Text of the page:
I hate having to throw out fresh culinary herbs that have started to wilt and die. Unfortunately, dried herbs just don’t have the same aromatic flavor. The best way to make sure you always have fresh herbs available is to grow them yourself! A mint plant in your indoor herb garden will provide mint that is far fresher than any mint from the store, and you won’t even have to leave the house!
Growing herbs indoors lets you have fresh herbs year-round and makes it simple to add flavor to your meals. It’s easier than you might think. Just follow these tips to grow your own thriving indoor herb garden.
Choosing the right plants
There are many different culinary herbs that can be used to spice up your cooking. Though fresh herbs offer many delicious possibilities, not all are well-suited for indoor growth. It is also important to take into consideration the space you have available, as well as your local climate. Here are some tips to help choose the right plant for your garden.
It is important to think about the light conditions you can provide your indoor plants. Most herbs need lots of sunlight (at least 6-8 hours a day). However, some herbs need more light than others. Keep this in mind when you are choosing which plants to grow.
Here are some plants that prefer full light:
- Bay laurel
A few plants that can tolerate less light include:
South-facing windows will have the most sunlight. East and west-facing windows can provide good sunlight as well. North-facing windows do not provide enough light.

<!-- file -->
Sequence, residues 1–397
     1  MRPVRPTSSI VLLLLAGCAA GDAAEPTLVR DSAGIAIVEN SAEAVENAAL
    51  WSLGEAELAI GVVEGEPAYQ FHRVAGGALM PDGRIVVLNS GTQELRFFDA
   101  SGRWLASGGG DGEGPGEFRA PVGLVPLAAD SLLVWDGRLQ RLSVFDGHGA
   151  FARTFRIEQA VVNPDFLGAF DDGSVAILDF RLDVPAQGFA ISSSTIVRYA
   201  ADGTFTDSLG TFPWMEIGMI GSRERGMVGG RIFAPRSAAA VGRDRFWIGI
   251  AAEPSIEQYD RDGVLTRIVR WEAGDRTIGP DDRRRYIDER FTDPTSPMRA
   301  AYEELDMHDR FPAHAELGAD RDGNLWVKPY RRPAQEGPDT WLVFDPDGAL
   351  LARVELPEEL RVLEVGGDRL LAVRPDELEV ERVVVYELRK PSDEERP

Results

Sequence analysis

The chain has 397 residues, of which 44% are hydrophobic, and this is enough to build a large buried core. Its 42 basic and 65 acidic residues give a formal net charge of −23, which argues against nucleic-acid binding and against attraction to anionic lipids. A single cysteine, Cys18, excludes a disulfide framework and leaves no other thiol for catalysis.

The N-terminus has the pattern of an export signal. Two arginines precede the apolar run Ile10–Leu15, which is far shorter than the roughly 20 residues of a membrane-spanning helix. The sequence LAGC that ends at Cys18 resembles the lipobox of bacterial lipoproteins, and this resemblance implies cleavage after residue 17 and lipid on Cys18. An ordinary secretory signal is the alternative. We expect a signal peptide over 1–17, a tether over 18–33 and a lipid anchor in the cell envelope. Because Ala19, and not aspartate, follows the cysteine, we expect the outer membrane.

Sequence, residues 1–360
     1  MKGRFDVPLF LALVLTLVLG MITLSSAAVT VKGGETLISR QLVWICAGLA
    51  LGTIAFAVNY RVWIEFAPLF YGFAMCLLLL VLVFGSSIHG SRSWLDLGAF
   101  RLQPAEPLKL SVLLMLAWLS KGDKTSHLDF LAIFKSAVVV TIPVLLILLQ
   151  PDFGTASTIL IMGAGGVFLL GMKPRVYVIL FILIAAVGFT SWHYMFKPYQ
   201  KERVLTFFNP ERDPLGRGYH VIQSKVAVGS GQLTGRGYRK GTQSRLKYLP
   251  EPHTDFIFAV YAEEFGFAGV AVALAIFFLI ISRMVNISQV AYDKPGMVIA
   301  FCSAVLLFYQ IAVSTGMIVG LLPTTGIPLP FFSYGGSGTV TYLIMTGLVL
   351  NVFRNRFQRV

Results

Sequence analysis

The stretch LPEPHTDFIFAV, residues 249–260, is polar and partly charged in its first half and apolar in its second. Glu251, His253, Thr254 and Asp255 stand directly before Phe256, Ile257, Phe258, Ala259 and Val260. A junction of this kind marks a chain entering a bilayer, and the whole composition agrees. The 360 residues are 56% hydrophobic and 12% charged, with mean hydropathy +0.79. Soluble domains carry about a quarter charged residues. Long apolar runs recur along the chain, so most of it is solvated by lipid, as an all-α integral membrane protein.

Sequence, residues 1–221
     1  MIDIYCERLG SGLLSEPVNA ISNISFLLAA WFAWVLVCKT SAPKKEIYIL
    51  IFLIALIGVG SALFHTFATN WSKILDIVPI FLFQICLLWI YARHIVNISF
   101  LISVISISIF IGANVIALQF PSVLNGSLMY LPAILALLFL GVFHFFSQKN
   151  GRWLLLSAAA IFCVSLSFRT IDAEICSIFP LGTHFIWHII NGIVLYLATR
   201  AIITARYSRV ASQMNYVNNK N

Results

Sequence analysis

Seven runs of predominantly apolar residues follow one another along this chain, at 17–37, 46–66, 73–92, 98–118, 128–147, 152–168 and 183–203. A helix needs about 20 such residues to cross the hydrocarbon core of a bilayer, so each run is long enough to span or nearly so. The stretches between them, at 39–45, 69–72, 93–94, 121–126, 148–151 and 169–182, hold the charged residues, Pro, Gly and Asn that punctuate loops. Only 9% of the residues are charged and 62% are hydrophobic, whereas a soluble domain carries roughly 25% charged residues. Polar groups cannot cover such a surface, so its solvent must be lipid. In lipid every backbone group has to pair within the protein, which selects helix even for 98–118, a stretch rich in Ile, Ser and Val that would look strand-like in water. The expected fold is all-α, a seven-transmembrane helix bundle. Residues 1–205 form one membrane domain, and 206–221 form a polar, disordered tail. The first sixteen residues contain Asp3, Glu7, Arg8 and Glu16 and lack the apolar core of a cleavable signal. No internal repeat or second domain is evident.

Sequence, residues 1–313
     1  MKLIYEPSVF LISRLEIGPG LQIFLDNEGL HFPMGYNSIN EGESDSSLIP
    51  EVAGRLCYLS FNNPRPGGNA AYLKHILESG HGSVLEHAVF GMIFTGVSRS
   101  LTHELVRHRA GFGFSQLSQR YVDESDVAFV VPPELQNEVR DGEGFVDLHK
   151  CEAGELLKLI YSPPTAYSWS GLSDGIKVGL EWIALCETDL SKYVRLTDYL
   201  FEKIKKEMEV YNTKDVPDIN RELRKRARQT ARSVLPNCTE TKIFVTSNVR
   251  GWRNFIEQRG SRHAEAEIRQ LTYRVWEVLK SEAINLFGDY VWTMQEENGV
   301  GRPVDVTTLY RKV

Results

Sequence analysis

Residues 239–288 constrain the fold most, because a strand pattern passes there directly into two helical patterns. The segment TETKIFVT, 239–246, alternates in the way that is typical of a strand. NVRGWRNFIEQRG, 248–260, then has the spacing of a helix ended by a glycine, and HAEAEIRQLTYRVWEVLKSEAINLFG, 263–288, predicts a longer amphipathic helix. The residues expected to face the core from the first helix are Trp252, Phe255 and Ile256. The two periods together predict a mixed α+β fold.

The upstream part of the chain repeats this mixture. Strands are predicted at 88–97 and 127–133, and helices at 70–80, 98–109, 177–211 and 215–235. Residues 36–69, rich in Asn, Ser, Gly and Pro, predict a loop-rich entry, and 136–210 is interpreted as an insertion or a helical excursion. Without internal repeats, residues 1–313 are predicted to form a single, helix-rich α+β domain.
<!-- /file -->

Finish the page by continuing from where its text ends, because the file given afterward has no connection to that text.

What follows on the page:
If you have trouble finding spots with enough sunlight in your home or apartment, consider using a grow light. There are many options from simple work lights to complete herb garden aquaponic systems. These will all provide the light your plants need. Keep your grow light on 12-16 hours each day to maximize your plants growth.
Some herbs are easier to grow than others. It is important to consider how much attention you can give your plants when choosing the herbs you will grow. Growing mint, chives, and rosemary is very easy, they will tolerate a lot. Plants like basil and thyme are often more sensitive and require more attention.
The most important consideration when choosing what to grow is what you want to eat! There are many different options when it comes to culinary herbs. Here’s a list of herbs that are well suited to being grown indoors.
Good choices for your indoor herb garden:
Preparing your garden
When starting an herb garden there are many considerations to keep in mind. Starting with the best supplies for your herbs will ensure success.
There are many options when it comes to housing your herbs. Here are a few tips to keep in mind when choosing.
- It is essential that whatever container you use has drainage holes.
- Ceramic pots hold more water than clay and can help increase humidity.
- A saucer or dish is essential to protect your furniture.
- Choose a pot of an appropriate size for your plant. Their roots need space to grow!